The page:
Despite threatening clouds and constant rain, juniors and seniors from Countryside High School were all smiles Thursday morning as they unloaded off a big yellow school bus near the Feather Sound Country Club.
Outfitted in water shoes, swim trunks and plastic ponchos, the 25 students from Susan Curnutte’s marine science class planted salt marsh grasses grown in class along the trash-strewn shoreline hedged by Ulmerton Road. The native grass will help hold sand in place, creating homes for native animals, filtering out trash and creating natural channels for water flow.
“The kids have been growing the grass all year, so they are really looking forward to seeing the fruits of their labor,” Curnutte said. “They love it. It’s a coveted spot to be one of the lucky ones that can afford to miss a day of classes.”
For the project, coordinated by Tampa Bay Watch, a nonprofit organization dedicated to protecting native wetlands, the students quickly slipped in and out of thick mangroves with bags of grass before heavy rain brought their planting to an end. Environmental scientist Martha Gruber said the group hopes to restore the mosquito ditches near Feather Sound to native wetlands, removing invasive species and replacing them with native plants by the summer.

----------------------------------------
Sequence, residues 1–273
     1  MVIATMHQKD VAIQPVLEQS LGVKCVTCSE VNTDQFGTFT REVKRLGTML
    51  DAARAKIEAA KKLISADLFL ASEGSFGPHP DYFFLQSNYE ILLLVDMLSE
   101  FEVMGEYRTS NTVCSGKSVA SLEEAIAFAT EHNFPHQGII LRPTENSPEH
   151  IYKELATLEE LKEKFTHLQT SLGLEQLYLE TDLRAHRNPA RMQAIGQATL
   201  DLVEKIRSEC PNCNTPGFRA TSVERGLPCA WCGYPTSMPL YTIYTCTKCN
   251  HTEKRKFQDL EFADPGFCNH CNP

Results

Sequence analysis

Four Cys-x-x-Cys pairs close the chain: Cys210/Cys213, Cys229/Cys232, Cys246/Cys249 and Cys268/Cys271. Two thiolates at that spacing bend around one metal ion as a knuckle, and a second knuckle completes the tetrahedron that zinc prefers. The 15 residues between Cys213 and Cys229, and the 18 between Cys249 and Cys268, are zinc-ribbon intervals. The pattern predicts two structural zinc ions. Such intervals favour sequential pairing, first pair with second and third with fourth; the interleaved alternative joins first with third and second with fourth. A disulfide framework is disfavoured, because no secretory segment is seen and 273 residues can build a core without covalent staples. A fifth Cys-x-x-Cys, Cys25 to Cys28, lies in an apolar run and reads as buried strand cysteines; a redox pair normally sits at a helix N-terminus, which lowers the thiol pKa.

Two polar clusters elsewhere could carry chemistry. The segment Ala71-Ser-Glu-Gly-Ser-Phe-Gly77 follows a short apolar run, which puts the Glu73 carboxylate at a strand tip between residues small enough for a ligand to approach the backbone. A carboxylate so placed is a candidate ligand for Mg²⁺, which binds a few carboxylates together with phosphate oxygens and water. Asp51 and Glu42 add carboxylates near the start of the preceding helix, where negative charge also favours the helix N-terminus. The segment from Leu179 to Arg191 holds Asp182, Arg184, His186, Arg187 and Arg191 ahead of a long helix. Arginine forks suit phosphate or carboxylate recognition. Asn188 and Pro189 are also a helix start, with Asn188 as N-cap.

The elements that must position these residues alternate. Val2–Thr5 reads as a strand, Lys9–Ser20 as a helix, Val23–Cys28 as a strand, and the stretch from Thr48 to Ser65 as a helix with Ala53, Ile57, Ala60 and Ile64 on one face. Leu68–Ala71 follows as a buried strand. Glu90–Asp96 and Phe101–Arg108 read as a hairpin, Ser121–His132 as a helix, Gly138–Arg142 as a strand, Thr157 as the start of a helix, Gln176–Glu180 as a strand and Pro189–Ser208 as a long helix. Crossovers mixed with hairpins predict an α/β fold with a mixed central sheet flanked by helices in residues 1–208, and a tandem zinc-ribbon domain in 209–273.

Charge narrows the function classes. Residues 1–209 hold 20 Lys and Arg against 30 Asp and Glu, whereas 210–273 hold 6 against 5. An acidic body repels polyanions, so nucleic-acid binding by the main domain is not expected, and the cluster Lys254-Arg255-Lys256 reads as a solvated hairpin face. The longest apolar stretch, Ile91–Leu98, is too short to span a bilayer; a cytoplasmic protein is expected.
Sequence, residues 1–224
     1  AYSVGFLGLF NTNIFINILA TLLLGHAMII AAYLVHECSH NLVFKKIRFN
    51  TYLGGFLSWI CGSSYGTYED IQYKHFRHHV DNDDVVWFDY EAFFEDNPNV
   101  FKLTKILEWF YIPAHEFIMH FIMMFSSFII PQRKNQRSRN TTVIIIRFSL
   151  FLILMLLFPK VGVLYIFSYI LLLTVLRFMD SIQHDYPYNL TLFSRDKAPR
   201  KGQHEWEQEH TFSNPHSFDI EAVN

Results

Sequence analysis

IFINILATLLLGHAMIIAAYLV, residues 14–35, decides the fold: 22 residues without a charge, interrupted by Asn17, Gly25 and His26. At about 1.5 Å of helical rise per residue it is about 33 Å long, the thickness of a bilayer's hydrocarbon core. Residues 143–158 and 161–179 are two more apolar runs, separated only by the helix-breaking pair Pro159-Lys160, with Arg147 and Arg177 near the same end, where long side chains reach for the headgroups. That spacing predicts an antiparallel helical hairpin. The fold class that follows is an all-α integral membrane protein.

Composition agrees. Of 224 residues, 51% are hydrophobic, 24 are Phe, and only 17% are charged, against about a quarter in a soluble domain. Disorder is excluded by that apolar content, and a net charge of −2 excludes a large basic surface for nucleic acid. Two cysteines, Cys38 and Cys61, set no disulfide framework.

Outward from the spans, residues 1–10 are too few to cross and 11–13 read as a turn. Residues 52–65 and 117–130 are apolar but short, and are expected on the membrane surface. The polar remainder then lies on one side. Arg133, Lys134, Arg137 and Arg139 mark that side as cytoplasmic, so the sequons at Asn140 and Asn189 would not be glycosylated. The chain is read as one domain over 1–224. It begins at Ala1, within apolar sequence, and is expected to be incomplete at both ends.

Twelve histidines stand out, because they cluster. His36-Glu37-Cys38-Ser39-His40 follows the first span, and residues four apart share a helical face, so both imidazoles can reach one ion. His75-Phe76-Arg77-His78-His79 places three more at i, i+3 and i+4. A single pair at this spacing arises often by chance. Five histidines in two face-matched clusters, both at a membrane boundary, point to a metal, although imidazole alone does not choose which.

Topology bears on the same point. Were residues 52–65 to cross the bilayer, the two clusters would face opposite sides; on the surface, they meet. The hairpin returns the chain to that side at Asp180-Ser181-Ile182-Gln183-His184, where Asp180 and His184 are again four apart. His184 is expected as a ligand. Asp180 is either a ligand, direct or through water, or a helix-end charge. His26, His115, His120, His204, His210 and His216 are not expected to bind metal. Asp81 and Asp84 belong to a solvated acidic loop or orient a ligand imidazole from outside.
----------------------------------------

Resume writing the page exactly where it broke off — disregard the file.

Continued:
“I love these trips. They make you feel like you’re doing something meaningful,” said senior Colin Carrier. “A lot of stuff that we’ve been learning about I’ve found really interesting, especially growing up around this area and around the waterfront.”
Curnutte’s classes have planted marsh grass everywhere from Tarpon Springs to Ruskin through Tampa Bay Watch’s Bay Grasses in Classes program, which encourages students at 15 middle and high schools to help restore wetlands.
Though the rain cut in to their day of planting, junior Jessica Hall said she was still happy to spend a day out of the classroom.
“We’re missing a whole day of school, so I can’t complain,” Hall said. “You don’t really get to go on a lot of field trips in high school.”